Queen's Brian May speaks of Paul McCartney friendship and wishes he saw more of Beatles legend

28 February 2022, 12:39

By Mayer Nissim

Brian May and Paul McCartney are two of the most famous British musicians of all time.

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Queen formed at the start of the 1970s as The Beatles were disintegrating.

But Paul McCartney and Brian May are still very much contemporaries, with Macca's career with Wings and solo superstardom crossing over with Queen's success over the last 50 years.

Despite that, the two musicians haven't had much public interaction together.

Queen were triumphant at Live Aid, and Brian and Freddie Mercury also returned to the stage to play 'Is This The World We Created...?' just before McCartney's performance of 'Let It Be'.

And both acts played the Party at the Palace in 2002 to mark Elizabeth II's Golden Jubilee, with May opening the show from the roof of Buckingham Palace and McCartney closing the concert with a career-spanning set.

May has now said that he would have liked to have spent more time with Paul.

"I've met Paul a few times, done a few things," the guitarist told the Daily Express.

"He's a great guy and an animal campaigner as I am. Yeah, I wish I saw more of him really but life doesn't always let you do this stuff."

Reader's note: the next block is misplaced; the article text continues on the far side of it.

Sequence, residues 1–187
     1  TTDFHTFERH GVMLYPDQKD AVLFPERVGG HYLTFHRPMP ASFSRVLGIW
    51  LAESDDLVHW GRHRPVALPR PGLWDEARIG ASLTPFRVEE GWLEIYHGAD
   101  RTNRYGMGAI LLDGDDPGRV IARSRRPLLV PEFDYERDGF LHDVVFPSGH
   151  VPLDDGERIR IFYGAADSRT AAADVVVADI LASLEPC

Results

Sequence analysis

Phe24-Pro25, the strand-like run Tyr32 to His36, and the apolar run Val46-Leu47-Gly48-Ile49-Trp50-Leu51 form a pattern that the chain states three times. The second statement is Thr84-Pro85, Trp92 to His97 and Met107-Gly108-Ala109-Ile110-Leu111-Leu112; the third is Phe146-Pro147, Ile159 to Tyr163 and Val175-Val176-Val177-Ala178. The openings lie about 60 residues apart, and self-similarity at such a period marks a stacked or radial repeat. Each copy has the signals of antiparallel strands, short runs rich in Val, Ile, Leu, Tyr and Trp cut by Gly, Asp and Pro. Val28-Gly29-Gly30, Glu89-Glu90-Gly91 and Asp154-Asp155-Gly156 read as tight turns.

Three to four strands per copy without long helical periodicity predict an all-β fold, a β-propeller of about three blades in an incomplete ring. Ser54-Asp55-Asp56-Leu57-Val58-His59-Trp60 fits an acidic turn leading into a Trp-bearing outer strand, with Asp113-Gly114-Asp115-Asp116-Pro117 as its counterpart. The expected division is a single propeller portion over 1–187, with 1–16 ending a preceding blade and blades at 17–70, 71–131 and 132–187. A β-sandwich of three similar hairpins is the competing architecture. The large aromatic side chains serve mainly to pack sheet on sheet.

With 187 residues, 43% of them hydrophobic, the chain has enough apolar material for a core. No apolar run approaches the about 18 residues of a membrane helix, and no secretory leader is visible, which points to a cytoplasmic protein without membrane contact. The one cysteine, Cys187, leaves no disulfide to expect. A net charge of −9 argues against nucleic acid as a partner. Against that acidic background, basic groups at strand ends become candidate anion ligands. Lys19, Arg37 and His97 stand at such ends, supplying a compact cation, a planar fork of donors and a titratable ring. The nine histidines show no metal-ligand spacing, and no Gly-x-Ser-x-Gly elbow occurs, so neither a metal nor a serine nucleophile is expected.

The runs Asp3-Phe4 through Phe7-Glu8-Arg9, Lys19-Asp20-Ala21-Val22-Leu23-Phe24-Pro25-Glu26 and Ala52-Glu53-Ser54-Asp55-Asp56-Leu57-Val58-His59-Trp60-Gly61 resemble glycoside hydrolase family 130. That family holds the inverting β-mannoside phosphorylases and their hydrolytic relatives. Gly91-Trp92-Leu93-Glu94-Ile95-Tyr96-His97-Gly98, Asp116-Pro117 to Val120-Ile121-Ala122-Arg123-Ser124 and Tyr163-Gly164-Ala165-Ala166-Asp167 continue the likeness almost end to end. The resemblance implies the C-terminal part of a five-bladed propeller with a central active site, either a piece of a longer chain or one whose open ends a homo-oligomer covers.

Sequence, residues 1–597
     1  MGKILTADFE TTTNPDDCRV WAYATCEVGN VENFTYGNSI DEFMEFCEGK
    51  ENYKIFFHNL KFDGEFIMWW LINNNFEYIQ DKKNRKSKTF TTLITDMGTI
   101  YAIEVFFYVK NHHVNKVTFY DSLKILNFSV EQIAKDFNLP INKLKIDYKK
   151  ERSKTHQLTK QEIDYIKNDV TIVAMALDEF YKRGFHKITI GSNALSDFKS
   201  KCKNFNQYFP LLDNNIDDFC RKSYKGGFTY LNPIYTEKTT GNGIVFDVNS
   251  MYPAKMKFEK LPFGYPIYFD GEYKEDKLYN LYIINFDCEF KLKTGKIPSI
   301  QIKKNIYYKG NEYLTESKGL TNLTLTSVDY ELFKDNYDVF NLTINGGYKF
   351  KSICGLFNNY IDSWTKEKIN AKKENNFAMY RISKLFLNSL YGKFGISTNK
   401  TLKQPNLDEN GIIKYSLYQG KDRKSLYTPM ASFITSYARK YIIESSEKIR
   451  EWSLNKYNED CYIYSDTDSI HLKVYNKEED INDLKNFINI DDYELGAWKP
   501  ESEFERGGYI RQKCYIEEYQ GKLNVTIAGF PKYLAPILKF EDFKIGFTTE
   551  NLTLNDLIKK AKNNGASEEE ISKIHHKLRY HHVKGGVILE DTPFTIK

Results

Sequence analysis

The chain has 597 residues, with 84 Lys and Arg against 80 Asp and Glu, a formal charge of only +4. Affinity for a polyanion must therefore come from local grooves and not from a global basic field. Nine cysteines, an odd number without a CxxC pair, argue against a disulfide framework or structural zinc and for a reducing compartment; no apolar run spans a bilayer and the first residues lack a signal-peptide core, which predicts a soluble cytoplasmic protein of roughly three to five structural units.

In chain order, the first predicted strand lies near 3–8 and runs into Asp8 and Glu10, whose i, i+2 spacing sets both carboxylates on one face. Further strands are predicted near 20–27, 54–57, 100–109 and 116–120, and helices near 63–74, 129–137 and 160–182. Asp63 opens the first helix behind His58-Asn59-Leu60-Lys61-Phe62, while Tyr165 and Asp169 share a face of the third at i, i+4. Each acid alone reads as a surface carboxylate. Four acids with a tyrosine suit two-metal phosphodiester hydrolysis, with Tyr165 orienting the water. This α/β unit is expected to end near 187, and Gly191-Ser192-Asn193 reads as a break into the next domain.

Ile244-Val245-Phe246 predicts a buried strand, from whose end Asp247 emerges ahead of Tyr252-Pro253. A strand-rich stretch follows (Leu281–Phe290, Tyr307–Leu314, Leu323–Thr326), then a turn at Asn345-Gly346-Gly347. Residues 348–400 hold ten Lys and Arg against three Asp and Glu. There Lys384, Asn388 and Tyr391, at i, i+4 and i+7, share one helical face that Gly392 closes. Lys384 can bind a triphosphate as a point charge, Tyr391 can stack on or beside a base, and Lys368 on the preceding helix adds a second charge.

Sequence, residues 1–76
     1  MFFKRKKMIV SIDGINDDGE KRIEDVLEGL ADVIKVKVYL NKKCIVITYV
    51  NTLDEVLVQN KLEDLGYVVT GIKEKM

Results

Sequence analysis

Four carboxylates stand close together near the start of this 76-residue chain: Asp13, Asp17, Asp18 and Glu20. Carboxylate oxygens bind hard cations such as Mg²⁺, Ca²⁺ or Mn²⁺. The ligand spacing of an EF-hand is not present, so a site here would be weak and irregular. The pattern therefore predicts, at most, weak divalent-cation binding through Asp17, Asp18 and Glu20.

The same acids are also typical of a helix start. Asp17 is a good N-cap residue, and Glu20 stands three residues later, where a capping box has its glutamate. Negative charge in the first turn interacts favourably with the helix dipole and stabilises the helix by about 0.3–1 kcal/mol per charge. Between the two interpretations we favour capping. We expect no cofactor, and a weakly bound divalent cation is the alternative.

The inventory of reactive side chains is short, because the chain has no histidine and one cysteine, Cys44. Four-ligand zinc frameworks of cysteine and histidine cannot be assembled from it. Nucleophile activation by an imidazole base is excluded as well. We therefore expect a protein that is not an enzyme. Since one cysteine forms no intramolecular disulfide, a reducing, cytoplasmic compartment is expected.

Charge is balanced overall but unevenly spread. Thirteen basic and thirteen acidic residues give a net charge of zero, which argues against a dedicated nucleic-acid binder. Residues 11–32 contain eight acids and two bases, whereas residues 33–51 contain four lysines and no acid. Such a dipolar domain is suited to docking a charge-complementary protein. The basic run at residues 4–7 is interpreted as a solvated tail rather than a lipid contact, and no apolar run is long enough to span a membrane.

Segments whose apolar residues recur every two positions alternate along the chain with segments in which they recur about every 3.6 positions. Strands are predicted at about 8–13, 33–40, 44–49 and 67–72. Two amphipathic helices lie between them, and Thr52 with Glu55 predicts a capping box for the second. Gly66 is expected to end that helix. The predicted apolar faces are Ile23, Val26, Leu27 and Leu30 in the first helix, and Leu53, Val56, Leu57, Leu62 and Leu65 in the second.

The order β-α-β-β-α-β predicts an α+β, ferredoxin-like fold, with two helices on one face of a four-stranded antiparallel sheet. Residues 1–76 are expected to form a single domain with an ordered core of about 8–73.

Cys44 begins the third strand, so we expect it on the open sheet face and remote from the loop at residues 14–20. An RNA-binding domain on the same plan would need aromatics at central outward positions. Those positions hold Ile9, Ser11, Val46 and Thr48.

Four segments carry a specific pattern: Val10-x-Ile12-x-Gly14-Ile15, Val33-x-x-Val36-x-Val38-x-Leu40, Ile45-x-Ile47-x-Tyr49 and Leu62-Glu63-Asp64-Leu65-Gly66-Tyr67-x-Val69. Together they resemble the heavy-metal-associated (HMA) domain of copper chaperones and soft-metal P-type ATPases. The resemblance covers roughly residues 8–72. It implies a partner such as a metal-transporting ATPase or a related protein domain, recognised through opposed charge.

Brian May in concert
Brian May in concert. Picture: Alamy

He added of the other members of the Fab Four: "[George Harrison] played one of my guitars which is nice! I love George, I love his playing. I think he's still underrated. Wonderful!

"Met Ringo a couple of times just briefly. Kinda just socially because Freddie was quite close to Ringo at one time. But I never had an in-depth conversation with him."

May said that he had "very sadly" never met John Lennon, who was murdered in New York City in 1980.

"I wish I had, I would have loved to have done. What a wonderful talent and a wonderful voice. Incredible."

Paul McCartney in concert
Paul McCartney in concert. Picture: Alamy

During the interview, May also said that to his band Queen, the Beatles were "our bible", "models" and the "pinnacle of writing, performance and ethos of rock music".

He suggested that the group are "underrepresented in the world as it is today", adding that young people don't know The Beatles as much as they should.

"The Beatles should be woven into people's lives in the way Queen music is these days," May said.